Notes on a scandal
Loving Miss Hatto , BBC 1, 8.30pm
much greater ambitions. Barrie want to become an impresario and isn’t prepared to let anyone stand in his way.
The first piece of the jigsaw falls into place while he is delivering music to an orchestra rehearsal. Barrie is bowled over by a young pianist’s playing – finding his first client, wife and future in one moment. The young pianist is Joyce Hatto, played by Maimie McCoy.
Having found his prodigy and the love of his life, Barrie sets about turning Joyce into a classical music star. Initially things go well but then fate intervenes. Ultimately they couple realise that they both lack what it takes to really make it. Dispirited they decide to retire to Hertfordshire and a “normal” life.
That should have been that. However, fast forward a few decades to 2002 and thanks to a little serendipity, Barrie (Alfred Molina) is given the opportunity to revive Joyce’s (Francesca Annis) career. By now, his wife is in her 70s and suffering from terminal cancer, but having been given a second chance to fulfil his dreams, Barrie grabs it with both hands.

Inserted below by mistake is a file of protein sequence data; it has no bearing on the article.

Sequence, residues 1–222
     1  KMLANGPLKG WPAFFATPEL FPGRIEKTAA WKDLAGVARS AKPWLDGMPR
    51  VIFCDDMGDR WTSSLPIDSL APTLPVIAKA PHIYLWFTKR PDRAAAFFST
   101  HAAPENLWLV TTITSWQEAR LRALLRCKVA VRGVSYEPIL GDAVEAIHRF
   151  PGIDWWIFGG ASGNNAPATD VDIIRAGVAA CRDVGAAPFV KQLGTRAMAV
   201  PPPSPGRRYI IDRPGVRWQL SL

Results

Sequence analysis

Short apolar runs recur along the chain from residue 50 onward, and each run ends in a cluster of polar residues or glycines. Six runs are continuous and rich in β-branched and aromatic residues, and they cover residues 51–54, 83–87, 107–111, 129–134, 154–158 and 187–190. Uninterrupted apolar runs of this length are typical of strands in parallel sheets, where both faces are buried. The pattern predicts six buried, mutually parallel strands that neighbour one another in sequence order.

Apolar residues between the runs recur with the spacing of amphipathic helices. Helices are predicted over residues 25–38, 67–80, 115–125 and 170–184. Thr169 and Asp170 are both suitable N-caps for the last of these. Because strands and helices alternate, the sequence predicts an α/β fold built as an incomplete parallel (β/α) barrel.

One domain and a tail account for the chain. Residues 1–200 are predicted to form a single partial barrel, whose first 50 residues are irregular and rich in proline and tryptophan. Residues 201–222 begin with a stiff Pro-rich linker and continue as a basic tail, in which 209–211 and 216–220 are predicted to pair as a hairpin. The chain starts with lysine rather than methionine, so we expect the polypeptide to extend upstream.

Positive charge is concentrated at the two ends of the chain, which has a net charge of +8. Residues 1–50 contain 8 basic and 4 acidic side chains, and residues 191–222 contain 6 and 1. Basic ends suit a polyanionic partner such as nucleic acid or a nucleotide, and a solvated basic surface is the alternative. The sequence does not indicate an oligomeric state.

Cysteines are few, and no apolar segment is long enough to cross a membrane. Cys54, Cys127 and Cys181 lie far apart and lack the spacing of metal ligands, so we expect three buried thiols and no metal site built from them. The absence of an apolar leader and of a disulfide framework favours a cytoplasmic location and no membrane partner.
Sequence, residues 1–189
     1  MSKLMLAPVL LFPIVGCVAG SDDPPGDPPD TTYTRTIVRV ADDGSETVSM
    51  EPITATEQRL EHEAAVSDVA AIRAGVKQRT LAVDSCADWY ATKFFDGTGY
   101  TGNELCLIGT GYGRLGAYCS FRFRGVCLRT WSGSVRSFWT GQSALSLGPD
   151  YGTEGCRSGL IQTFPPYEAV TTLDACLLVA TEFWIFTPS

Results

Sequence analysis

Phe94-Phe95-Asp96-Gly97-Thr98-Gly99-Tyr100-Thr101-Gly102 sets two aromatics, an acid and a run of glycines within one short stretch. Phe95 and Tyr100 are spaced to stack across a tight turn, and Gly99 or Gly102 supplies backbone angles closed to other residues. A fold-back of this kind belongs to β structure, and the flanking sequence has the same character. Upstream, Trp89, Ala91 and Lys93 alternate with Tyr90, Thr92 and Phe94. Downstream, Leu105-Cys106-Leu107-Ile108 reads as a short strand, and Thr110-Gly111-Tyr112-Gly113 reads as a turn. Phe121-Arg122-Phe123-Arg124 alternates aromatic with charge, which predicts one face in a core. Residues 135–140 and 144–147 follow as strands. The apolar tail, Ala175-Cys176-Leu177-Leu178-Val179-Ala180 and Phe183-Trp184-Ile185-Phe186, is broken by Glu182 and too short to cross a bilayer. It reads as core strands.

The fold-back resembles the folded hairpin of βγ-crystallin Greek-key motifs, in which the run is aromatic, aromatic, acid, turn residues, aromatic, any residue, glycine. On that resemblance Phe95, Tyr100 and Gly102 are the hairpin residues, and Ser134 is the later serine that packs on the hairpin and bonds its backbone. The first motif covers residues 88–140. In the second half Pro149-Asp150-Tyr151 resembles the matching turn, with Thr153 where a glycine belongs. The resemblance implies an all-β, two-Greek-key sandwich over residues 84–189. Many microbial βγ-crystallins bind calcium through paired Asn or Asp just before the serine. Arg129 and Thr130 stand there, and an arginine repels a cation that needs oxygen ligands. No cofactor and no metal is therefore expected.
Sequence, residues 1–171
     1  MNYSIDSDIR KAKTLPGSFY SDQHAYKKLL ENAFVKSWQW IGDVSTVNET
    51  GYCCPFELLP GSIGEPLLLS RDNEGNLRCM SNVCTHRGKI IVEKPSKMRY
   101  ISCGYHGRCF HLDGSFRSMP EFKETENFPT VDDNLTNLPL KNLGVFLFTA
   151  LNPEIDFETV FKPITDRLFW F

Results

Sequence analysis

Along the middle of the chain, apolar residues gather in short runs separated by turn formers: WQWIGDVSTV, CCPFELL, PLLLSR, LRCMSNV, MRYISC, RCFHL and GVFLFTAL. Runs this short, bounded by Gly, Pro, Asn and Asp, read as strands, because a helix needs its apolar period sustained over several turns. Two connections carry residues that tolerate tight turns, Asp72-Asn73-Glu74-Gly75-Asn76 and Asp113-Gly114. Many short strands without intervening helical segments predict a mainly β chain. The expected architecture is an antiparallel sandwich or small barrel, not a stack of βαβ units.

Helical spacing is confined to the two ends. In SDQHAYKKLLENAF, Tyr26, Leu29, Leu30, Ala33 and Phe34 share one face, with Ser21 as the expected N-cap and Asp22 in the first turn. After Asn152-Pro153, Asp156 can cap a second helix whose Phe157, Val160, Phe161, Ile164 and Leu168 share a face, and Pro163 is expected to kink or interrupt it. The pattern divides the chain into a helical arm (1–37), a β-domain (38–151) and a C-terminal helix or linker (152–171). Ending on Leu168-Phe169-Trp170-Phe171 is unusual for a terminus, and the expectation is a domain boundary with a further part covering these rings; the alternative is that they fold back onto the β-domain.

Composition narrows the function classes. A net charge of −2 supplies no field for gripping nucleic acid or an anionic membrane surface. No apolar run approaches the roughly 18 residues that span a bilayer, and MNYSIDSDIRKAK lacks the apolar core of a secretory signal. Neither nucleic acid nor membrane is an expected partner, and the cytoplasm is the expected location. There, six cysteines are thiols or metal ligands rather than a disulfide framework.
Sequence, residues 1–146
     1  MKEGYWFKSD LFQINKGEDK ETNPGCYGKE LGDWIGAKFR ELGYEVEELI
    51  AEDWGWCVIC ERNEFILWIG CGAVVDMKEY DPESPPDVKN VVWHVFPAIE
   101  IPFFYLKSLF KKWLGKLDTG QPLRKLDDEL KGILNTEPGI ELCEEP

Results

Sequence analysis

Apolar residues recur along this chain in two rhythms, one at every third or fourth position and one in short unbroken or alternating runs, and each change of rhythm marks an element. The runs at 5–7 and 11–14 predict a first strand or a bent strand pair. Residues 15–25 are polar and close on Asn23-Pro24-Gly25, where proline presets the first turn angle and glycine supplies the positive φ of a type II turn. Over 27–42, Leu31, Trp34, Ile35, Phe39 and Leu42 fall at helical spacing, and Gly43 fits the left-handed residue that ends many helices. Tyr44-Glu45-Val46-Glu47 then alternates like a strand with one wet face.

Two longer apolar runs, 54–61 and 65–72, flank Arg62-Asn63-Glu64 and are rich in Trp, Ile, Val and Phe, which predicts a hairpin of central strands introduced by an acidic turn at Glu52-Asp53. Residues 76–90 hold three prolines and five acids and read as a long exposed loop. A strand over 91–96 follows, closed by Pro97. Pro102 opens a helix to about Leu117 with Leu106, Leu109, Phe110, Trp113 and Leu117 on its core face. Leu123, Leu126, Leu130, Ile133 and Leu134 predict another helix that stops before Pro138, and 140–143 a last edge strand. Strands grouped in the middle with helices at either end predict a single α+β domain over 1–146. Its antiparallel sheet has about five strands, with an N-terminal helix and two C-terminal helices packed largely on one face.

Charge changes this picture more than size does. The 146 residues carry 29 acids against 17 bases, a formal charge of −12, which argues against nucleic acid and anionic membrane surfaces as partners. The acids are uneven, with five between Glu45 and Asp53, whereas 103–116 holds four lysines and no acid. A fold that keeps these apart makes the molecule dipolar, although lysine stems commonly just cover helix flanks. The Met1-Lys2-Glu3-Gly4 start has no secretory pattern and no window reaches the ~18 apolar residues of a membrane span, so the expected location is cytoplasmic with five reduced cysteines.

Within a few years, Joyce is being dubbed “the greatest living pianist that almost no one has ever heard of” and has critics raving about her sublime recordings. When she died in 2006, obituary writers heaped praise on her musical talent.
However, it wasn’t long before doubts began to emerge. Six months after her death, the editor of Gramophone magazine James Inverne commissioned audio expert Andrew Rose to investigate. He discovered that all the recordings attributed to Hatto were in fact copies or digitally manipulated versions of work by other artists. While Barrington-Coupe admitted the deception, he remained unrepentant, telling one reporter “I don’t consider I’ve hurt anybody.”
Joyce and Barrie had apparently pulled off the greatest hoax in the history of classical music and they have also provided Wood with some great source material.
LOVE AND FRAUD: Maimie McCoy as the young Joyce Hatto in Victoria Wood’s drama.